Dancing in the Street
Martha & the Vandellas
Writer(s): William Stevenson/Ivy Hunter/Marvin Gaye (see lyrics here)
Released: July 31, 1964
First Charted: August 22, 1964
Peak: 2 US, 4 CB, 8 GR, 2 HR, 2 RB, 4 UK, 3 CN, 1 DF (Click for codes to charts.)
Sales (in millions): 1.0 US, 0.2 UK, 1.21 world (includes US + UK)
Airplay/Streaming (in millions): 3.0 radio, 12.89 video, 170.01 streaming
Click on award for more details.
About the Song:
Martha Reeves was a secretary at Motown who had sung backup on Marvin Gaye’s hits “Stubborn Kind of Fellow” and “Hitch Hike” SS when she got the opportunity of a lifetime – she was given the chance to record a demo. RS500 The song, “Dancing in the Street,” was originally offered to Kim Weston, who would later marry William Stevenson, RS500 one of the writers, but she turned it down. NRR As Stevenson says, though, “When Martha got into the song…that was the end of the conversation!” RS500 She said, it “was Mickey’s greatest gift to me.” SS
Stevenson says the inspiration for the song came from riding through Detroit during the summer with Marvin Gaye, another of the song’s writers. To let the kids cool off, the city would open up the fire hydrants to release the water into the streets. Stevenson says, “They appeared to be dancing in the water.” SF In an amusing twist, Gaye sang backup on the song for the singer who used to sing backup for him. SS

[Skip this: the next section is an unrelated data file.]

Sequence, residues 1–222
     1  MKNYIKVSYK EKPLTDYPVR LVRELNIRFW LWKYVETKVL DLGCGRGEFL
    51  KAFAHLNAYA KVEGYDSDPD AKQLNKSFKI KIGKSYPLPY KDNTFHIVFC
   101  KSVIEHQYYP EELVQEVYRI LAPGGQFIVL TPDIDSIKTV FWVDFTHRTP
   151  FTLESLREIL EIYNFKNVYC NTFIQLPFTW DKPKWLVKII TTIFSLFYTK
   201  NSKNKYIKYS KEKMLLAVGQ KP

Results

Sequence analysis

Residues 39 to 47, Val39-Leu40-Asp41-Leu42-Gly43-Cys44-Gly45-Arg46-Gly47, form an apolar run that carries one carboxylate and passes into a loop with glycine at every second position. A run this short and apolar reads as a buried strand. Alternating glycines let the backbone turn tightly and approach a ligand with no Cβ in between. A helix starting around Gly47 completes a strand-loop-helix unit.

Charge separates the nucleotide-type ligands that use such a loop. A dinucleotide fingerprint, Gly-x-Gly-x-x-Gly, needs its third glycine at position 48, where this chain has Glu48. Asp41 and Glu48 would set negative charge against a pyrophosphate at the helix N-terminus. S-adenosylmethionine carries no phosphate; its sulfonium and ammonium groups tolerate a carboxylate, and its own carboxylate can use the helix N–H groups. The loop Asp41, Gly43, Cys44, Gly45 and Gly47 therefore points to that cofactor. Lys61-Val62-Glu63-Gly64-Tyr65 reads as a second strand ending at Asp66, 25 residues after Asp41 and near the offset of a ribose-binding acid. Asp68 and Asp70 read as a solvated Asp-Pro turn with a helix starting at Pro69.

Writer Paul Williams called it “the quintessential hymn of revolution.” PW Indeed, the song came at the peak of the civil rights movement which could lead one to interpret the song as a call to “mobilize for freedom. But even if taken on its own terms as intended by its creators – just a joyous celebration of music and dancing – this is a classic.” SS
Of all the dance songs ever written, none come as close as this one to “conveying not only the physical experience but the emotional tenor of what it means to dance publicly.” MA The song’s “primal rhythms [are]…so simple anyone can groove to it and so infectious everyone does.” AMG As “the quintessential hymn of revolution, riot, and rapture” it makes everyone want to join the party. PW Music historian Steve Sullivan says “no record exemplified the mergence of rhythm & blues’ new golden age like ‘Dancing in the Street.’” SS
First posted 8/22/2011; last updated 2/3/2023.
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